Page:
The US is the worlds largest apparel market

The US is the world's largest apparel market

North America may no longer take centre stage in the global apparel market, but the recession has by no means sounded the region's curtain call, according to Euromonitor International.

Valued at US$400bn, it was the world's third largest regional apparel market in 2012. This was on account of the US, which still plays the protagonist role as the world's largest apparel market.

Recovery has been fragile but positive, placing it ahead of Western European markets. Canada's growth trajectory has paralleled that of the US, but its market size remains diminutive in comparison.

North American apparel markets 2012:

  Market size, US$ billion % Growth 2011/2012 Sales per capita, US$
USA 362.6 2.2 1154.9
Canada 37.3 3.5 1071.9

Source: Euromonitor International
Note: Retail value RSP, current prices, fixed 2012 exchange rates

Star-spangled allure for international brands
A number of international apparel brands which have so far succeeded in targeting other markets are turning their attention to US consumers, acknowledging the fact that winning them over plays an integral role in progressing globally.

There has by no means been a one-size-fits-all approach to tackling this hefty, heterogeneous sales base.

In its bid to become the world's largest retailer by 2020, Fast Retailing (operator of the Uniqlo casual clothing chain) has favoured limited but impactful moves. These have taken the form of large-scale flagship stores in prominent city locations teamed with the launch of its US e-commerce platform.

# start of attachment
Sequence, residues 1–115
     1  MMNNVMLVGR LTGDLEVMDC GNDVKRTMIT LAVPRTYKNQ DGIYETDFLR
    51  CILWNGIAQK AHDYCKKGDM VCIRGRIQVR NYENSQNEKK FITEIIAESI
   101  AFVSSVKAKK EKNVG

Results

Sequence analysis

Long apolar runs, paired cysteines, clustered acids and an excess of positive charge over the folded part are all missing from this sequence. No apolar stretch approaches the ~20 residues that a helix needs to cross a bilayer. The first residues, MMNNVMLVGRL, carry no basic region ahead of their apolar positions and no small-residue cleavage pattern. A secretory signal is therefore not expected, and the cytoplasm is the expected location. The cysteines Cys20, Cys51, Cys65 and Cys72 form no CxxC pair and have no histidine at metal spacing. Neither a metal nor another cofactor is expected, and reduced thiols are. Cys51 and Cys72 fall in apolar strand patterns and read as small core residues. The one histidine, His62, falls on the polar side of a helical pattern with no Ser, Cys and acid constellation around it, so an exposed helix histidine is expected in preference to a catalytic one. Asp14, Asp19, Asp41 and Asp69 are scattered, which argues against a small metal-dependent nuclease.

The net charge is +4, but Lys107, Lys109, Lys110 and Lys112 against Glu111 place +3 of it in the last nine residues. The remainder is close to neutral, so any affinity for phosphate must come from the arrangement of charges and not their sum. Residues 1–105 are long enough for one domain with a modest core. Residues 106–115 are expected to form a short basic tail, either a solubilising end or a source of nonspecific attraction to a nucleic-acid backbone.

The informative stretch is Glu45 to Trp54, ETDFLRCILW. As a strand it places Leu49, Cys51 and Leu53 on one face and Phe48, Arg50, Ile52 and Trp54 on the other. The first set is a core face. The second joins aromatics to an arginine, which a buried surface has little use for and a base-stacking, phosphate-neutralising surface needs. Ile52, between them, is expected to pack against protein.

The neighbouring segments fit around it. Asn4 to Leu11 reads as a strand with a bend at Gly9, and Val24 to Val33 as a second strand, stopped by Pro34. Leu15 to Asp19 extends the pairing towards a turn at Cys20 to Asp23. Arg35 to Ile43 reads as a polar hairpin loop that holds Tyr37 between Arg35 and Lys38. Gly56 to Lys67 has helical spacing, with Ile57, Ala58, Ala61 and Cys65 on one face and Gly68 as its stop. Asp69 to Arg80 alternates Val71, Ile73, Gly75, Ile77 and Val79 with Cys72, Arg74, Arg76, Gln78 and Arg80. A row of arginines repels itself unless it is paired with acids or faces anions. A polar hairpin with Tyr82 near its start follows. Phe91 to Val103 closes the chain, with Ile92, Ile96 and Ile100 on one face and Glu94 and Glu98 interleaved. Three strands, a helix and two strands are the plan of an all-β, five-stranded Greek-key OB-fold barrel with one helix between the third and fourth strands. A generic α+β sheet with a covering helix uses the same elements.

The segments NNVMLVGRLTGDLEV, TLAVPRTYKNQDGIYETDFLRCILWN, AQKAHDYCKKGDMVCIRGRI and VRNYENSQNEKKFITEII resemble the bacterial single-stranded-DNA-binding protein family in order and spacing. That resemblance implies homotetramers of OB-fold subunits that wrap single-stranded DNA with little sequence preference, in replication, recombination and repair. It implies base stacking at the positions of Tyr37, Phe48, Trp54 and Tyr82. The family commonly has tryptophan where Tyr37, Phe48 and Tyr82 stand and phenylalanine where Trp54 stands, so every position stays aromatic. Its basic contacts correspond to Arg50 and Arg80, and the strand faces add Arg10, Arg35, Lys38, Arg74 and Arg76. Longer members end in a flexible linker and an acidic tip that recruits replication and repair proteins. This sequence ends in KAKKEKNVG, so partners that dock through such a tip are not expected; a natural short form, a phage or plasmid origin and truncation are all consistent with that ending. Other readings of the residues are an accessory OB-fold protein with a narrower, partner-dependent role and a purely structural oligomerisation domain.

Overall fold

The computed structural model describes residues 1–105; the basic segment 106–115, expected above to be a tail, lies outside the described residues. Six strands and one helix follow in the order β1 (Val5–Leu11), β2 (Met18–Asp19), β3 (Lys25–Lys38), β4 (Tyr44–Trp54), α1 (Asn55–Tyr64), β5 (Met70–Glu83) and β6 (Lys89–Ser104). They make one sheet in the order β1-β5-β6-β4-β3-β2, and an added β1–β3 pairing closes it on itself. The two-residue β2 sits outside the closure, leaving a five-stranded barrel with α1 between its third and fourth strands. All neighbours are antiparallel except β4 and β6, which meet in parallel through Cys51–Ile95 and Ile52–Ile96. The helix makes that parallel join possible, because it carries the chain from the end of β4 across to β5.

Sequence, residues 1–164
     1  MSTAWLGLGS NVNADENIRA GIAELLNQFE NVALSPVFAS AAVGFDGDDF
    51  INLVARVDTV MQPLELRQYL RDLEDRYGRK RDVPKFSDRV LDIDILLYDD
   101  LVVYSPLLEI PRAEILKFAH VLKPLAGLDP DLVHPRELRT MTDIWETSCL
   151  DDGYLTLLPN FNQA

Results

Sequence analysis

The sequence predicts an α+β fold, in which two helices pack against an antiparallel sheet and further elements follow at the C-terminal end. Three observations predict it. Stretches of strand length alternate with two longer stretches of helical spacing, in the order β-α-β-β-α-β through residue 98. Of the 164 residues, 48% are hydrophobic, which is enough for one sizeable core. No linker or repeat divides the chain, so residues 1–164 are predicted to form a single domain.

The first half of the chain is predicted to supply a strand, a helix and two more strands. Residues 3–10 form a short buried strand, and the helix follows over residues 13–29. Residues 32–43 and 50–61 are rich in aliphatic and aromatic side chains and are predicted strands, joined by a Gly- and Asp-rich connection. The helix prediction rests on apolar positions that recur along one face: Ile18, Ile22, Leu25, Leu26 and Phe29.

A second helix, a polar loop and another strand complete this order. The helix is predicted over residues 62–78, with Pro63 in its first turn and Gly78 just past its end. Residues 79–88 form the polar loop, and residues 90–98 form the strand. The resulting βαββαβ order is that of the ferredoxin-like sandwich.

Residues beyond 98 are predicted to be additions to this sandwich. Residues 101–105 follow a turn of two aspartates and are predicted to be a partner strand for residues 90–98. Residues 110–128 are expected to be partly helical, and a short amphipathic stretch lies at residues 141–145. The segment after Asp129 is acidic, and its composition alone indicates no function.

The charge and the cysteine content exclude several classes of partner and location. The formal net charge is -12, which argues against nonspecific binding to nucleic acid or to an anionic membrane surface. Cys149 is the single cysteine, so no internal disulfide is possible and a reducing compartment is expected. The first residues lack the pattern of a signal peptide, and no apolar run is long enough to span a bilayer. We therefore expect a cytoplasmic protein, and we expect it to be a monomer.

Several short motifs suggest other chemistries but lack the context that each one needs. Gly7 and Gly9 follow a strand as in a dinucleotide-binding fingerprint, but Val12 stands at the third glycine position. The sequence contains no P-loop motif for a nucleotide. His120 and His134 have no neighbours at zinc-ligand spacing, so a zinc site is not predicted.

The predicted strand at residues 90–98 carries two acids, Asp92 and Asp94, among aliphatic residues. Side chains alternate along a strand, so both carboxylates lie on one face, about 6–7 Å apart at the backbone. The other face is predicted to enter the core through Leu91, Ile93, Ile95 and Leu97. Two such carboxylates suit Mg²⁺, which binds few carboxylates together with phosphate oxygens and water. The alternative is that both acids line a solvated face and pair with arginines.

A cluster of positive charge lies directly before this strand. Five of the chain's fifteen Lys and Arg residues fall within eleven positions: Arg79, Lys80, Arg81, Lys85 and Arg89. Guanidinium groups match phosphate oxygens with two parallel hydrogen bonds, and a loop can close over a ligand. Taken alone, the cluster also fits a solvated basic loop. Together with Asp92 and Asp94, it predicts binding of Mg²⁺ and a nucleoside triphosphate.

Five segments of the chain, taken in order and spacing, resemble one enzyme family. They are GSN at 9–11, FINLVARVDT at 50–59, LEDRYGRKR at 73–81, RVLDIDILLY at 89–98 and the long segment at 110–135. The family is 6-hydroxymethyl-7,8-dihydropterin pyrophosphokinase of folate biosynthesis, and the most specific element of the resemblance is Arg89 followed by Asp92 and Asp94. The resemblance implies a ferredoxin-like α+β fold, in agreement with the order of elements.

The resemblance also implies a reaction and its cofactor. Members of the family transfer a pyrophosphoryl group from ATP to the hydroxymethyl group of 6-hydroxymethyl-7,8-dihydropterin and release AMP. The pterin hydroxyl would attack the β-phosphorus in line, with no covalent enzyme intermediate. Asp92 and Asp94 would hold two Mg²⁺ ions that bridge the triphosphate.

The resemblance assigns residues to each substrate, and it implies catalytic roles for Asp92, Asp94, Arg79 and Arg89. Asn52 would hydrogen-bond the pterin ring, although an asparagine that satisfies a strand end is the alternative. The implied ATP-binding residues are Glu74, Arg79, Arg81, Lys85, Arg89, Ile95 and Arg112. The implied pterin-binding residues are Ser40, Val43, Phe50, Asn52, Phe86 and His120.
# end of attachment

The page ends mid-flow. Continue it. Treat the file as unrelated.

H&M, on the other hand, has adopted a full-speed approach to store expansion, bringing its US store total up to over 260 (as of February 2013), although it has delayed the launch of its internet site for a second time.

Inditex has opted for a multi-brand strategy. While its Zara brand is far from reaching saturation point with a mere 45 stores, the retailer introduced its second label, Massimo Dutti, in New York in October 2012 to chase a more affluent demographic.

Home-grown brands change their tactics
The infiltration of fast fashion has inevitably changed the competitive landscape for domestic players, forcing them to revise their strategies. Change has been most evident at The Gap, which has effectively reversed its declining sales by streamlining its North American operations and investing in marketing and trendy products to regain fashion credibility.

While some are swimming, others are sinking. Abercrombie & Fitch has been struggling in its home market as its ubiquitous and pricey wares are no longer deemed "cool" by its target market of teens and young adults. As a result of this, the company has made the decision to tighten control over its distribution through store closures. Although this has led to some improvement, overseas consumers remain the key drivers of its growth.

Cross-border activity heats up
Canada's economic stability has also been a source of magnetism for international brands, particularly US ones.

Perhaps no one issue has impacted the Canadian market more than the anticipation of the entry of US-based mass merchandiser Target Corp, which is expected to open as many as 120 stores in the coming years.

In preparation for Target's entry, Canadian retailers have been reassessing their strategies, seeking to either grow their presence in the market prior to Target's arrival or look inward and focus on their key strengths, products and consumer base.

A key issue for US brands entering Canada will be managing price differentials. This emerged as a point of contention for J Crew when it entered the market in 2011. Excessive price differentials encourage Canadian consumers to take shopping trips to the US.